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TheRoanokeStar.com

through a side door once your mission is complete. It works every time, just act like you belong. Caution: Stopping to sample the continental breakfast is pushing the limits and is considered bad form. During my travels I prefer to frequent less familiar eateries, shunning fast food whenever possible. Discovering a concealed jewel on the road seems to elevate my spirits when sales are scarce. One of my favorite haunts is Poogie's, an all you can eat country buffet in Danville. From the road Poogie's looks like a greasy spoon that might seat a half a dozen thin truckers at a time. Indoors is a pinneat dining room and sumptuous food. Their southern fried chicken would force the Colonel into a hasty and unconditional surrender. Locating such restaurants adds interest to the outing and allows me the feel of a culinary Vasco De Gama, searching the wild for nourishment and adventure.

A delightful meal by the chiming of my on the road can, trusty BlackBerry. I however, create awaken feeling fat, other issues for the refreshed and ready traveling sales perto take on another son. Following a afternoon of sales inloving jaunt, or two, difference. or three, through Although you Poogie's buffet line, probably don't nothe blood in my tice us, there are a brain embarks on a lot of sales people trip of its own, hopout there, knocking Jon Kaufman ing to get a whiff of on doors and cold that sweet potato calling businesses. soufflé as it settles like the Ed- Often our sales targets are surmund Fitzgerald at the bottom prised, yet rarely delighted to of my belly. Nearly unconscious see us. Be kind, we mean no and unable to operate heavy harm, and if you should spy a machinery, I gently steer my lone sedan parked beneath a vehicle to that shady spot I had spreading oak in the middle of came across during my pre- the afternoon, tread lightly, remeal reconnaissance. Please clining inside might be a person remember that it is critical to like me, sleeping off lunch and case the surrounding area for a dreaming of a multitude of sales resting place before you chow successes and clean palatial down, you don't want to end up bathrooms. in a ditch with barbeque sauce on your chin. Contact Jon at Twenty minutes into my Jon.Kaufman@sprint.com peaceful slumber I am stirred

The Economics of Vegetable Gardening

Local Crossword Star~Sentinel Crossword 2

“A Hitchhiker’s Guide” to Creative Business Travel

he life of a road warrior is a lonely one. All over this great country of ours, sales people criss-cross the landscape daily, desperately scouring the market for receptive customers. In these trying economic times, journeys such as these are often fruitless, providing more pie in the face than change in the pocket for intrepid peddlers like me. Regardless of the futility that awaits, the optimist who resides deep within me (several floors below the pessimist who owns the building), sees these excursions as an opportunity to hone my skills as a seasoned traveler. My office is a red Dodge Stratus with collision impressions on both my rear fenders. The driver side blemish is a souvenir from Salem, where a small yellow pole impeded my backwards progress while fiercely protecting a vulnerable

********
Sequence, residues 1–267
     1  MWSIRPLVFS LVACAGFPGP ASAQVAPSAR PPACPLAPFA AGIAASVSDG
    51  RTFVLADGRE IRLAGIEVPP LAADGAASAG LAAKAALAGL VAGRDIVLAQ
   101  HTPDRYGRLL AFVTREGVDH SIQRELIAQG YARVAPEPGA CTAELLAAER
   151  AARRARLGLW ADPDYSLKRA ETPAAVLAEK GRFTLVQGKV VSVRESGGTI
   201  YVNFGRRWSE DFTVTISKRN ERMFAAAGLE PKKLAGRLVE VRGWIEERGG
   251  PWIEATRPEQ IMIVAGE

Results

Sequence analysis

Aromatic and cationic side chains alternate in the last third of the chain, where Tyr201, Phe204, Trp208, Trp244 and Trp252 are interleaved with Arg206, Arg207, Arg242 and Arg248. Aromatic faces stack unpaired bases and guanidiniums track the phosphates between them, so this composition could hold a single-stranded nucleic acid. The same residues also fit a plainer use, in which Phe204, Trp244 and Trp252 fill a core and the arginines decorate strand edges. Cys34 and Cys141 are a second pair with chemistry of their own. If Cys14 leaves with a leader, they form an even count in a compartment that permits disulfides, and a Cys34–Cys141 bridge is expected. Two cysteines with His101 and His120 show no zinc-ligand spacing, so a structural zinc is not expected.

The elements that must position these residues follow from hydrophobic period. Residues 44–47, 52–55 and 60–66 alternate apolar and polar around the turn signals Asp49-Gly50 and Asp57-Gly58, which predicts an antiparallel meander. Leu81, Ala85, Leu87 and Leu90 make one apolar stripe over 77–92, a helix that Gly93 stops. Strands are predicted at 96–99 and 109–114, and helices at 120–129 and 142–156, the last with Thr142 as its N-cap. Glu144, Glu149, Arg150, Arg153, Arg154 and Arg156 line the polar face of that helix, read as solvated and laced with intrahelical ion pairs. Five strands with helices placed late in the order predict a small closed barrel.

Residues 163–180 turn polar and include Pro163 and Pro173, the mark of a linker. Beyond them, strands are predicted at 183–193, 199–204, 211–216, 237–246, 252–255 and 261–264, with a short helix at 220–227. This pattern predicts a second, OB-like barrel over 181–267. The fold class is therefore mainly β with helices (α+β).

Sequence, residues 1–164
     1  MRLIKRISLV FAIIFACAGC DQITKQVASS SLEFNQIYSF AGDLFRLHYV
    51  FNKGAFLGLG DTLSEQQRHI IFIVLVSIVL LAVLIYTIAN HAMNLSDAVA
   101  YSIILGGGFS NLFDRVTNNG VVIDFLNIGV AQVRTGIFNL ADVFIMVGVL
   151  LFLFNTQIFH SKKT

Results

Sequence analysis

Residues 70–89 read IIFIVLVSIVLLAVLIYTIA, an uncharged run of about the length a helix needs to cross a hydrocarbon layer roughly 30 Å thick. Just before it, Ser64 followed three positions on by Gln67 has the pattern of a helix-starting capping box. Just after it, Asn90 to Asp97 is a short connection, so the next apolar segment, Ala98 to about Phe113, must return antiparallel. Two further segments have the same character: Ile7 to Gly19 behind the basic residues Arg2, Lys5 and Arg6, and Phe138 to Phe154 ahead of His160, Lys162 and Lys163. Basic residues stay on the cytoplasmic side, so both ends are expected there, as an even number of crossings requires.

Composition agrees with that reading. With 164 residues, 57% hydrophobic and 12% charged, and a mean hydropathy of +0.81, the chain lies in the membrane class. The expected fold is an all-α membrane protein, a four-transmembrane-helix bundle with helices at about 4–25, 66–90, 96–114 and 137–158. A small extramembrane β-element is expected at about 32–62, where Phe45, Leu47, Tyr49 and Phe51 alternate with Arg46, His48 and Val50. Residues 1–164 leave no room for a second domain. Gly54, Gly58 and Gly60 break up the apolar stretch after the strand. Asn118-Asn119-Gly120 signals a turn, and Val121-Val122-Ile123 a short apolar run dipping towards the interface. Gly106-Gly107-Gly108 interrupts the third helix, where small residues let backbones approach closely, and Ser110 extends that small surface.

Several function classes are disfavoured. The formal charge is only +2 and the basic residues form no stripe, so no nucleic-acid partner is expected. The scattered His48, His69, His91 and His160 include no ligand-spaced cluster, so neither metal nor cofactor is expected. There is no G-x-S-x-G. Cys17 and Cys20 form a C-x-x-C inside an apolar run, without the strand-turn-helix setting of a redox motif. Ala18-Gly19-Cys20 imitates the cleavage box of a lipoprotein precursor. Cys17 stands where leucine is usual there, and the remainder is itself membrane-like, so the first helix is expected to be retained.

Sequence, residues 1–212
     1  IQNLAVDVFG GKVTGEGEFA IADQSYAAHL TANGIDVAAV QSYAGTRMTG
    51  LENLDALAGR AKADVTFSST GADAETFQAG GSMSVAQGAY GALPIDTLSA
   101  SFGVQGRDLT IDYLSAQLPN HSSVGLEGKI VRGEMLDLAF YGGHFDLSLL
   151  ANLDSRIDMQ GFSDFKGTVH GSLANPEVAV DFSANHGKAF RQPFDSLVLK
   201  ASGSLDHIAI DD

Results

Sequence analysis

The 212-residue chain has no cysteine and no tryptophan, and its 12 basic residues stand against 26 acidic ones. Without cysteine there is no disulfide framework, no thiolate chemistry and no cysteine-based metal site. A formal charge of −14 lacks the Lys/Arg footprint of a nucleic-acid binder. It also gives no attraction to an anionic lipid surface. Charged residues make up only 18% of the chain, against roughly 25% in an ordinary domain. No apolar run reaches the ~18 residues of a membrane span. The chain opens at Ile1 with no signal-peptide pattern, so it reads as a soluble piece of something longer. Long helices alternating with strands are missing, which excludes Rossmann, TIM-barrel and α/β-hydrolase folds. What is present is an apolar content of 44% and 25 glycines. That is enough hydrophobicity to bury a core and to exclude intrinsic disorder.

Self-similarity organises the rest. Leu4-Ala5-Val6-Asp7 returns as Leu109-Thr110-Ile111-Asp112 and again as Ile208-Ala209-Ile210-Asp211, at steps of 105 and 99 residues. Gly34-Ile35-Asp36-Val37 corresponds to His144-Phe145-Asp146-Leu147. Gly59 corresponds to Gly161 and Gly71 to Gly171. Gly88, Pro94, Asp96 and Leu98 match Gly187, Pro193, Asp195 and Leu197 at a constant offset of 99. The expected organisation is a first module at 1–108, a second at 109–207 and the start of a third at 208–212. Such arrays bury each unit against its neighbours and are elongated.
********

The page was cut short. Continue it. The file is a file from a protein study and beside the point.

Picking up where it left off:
1

36 38 39 43 45 46 49 51 53 54 55 56 57 58 60 61 62 65 67

Japanese city Urge forward Compass point Varied 6th month (Jewish calendar) Curved roof Dog food brand Face part Electronic intelligence and espionage. (us slang) Expansive Always Comedian Jay Hebrew 8th letter Farm credit administration (abbr.) Sheer, triangular scarf 10 grams (abbr. for dekagram) Like cloth Black Heavenly light Standard golf scores Already eaten. Member of a boat's crew A conventional religious painting in oil on a small wooden panel. Girl Waste away. Clock time Charge Embarrassed Ride on the runway Ocean A group of many things in the air or on the ground. North Eastern state Concerning Dubs Prick Meat alternative Scent Teeth holders A spinning toy (2 wds.) Fill Congressional vote Pat

Find the answers online: TheRoanokeStar.com Have a clue and answer you’d like to see? email: puzzles@theroanokestar.com

to grow those beans? Gardening can have many hidden costs. First, we need soil to grow those beans. The gardener indicated he used approximately a halfpound of seed, and this will plant a row approximately 100 feet in length. You may have a yard that can be converted to garden space or you may need to rent a plot at the local community garden. Even if you have a small space, you can grow an amazing quantity of food with successive plantings and use of intensive gardening methods. Second, the gardener needs seed. We’ve already said that the beans were discounted. At full price, a half-pound of beans can cost $3 or more (catalog prices are considerably higher). So, we have soil and seed. We need fertilizer of some sort as well as water to make the seed grow and produce beans. A soil test will tell you what you need to apply, and the test costs $7 (pick up a test kit at a local library branch or at the Extension office). Synthetic fertilizers and purchased compost products cost money. Again, depending